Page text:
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[IP] Determining insulin levels for exercise
I thought I would chip in with some suggestions for adjusting insulin
levels for exercise. There have been a number of questions on this lately.
This will most certainly end up as some type of FAQ, so we might as well
jump in and start discussing it.
These are offered as suggestions, not gospel. They are certainly open to
argument, and remember YMMV.
1) Know your trends. If your basal rates are "solid" (they are set
properly), judging how your body will react to exercise is an easier task.
Rather than "guess" at a 50 % reduction for a specific exercise, for
example, try reducing your basal rate by 50 % for the period you would
exercise *but don't work out*. Check your BG every 15 minutes during this
period, and for the 2 hours or so after this time. This will give you a
"baseline" of sorts to determine how much exercise you can "apply" to bring
down or maintain your BG levels. These experiments may seem like you are
wasting valuable exercise time, but the information you gather is worth it
in the long run.
These rates will vary with different activity at different times of day,
etc. By developing this baseline of data a lot of adjustments will be made
easier. Developing this trend info is virtually impossible without some
careful record keeping, so work on some sort of log, and keep it complete.
2) Know your exercise. Once you know how much your BGs will rise at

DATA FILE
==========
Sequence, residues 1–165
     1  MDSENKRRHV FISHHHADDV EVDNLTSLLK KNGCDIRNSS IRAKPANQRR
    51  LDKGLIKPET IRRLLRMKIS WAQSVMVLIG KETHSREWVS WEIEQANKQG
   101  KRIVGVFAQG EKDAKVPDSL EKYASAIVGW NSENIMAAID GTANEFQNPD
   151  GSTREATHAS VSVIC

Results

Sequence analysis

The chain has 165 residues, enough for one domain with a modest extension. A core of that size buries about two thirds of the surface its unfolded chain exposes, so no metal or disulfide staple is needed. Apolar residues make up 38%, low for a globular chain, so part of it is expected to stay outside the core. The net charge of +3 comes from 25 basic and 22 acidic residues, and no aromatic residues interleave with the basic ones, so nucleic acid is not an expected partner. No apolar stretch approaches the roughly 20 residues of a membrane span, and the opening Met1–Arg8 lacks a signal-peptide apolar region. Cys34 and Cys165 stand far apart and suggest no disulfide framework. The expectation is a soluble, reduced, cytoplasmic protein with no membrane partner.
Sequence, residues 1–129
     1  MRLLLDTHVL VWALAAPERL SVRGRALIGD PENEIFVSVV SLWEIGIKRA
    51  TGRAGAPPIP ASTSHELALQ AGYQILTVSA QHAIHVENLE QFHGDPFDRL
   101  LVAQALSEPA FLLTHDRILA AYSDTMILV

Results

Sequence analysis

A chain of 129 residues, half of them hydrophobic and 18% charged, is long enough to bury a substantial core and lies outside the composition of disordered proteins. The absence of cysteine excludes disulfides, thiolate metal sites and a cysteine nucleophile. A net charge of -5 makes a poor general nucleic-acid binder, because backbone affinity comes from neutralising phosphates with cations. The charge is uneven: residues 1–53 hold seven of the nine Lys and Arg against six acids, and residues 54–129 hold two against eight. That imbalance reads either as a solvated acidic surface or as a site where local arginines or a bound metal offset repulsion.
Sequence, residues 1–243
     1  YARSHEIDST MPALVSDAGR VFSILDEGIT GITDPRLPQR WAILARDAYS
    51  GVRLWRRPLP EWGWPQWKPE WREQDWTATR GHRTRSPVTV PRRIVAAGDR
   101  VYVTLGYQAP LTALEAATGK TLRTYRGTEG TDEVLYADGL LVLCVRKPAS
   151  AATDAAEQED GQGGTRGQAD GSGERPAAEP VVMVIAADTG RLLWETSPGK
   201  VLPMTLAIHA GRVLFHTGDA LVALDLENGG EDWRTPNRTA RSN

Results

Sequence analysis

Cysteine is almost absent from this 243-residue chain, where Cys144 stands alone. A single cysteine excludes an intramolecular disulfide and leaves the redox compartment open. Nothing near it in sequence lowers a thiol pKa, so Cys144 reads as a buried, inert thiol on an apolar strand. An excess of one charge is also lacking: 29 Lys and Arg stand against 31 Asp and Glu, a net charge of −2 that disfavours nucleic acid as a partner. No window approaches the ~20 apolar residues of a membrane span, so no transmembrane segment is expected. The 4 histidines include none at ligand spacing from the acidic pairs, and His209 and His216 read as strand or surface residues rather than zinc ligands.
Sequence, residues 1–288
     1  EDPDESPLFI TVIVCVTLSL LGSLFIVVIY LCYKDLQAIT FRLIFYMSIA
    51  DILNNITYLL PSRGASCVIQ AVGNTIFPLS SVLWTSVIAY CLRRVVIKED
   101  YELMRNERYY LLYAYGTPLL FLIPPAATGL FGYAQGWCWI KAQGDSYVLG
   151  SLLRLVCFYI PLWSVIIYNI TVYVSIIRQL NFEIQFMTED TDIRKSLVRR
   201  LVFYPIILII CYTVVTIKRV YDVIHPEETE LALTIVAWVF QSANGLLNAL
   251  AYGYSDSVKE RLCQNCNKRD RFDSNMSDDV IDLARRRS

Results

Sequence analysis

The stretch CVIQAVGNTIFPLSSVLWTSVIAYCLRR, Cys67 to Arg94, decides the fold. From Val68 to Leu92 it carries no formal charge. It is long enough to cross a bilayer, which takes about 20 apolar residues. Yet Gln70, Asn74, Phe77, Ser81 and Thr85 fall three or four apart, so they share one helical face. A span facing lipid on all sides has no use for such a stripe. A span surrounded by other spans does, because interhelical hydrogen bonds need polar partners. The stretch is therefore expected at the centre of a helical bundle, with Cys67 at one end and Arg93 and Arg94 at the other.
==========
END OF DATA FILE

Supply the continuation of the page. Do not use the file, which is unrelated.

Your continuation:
specific basal rate reductions, find out how certain activities will affect
your normal BG rates. If you know how much a particular activity will lower
your BG over a specific time interval, you can then use this info to fine
tune your basal rates (and possibly carbohydrate intake) for exercise. The
best reference I have seen on this is at:
<http://www.diabetesnet.com/excarbs.html>. This is actually an excerpt from
the book "Stop the Rollercoaster" by John Walsh, and offers some solid
advice. It's not as complicated as it may first appear to be ;-)
3) Know your training "base". Exercise which you are not accustomed to
will usually require more energy than something that is very routine for
you. These variables need to be factored in to the overall equation, but if
you have taken care of steps 1 & 2, this should be an easier adjustment. If
you are starting on an "unknown" exercise, it is generally best to reduce
your basal a little more than you might otherwise. The thinking here is
that administering an adjusting bolus for a slightly high BG is preferable
to dealing with a low BG in the middle of your exercise routine.
4) Be flexible. Your trends are just trends, not absolutes. Things may
change, life goes on. You still need to be ready for the unexpected, but
you will probably be better prepared than you were prior to pumping. The
math is generally simpler (ever try to calculate NPH and Regular insulin
requirements prior to the start of a 25 km cross country ski race? Good
luck. I can tell you it's no fun), and your ability to recover appears to
5) Remember points number 1 and 2. They make everything else work.
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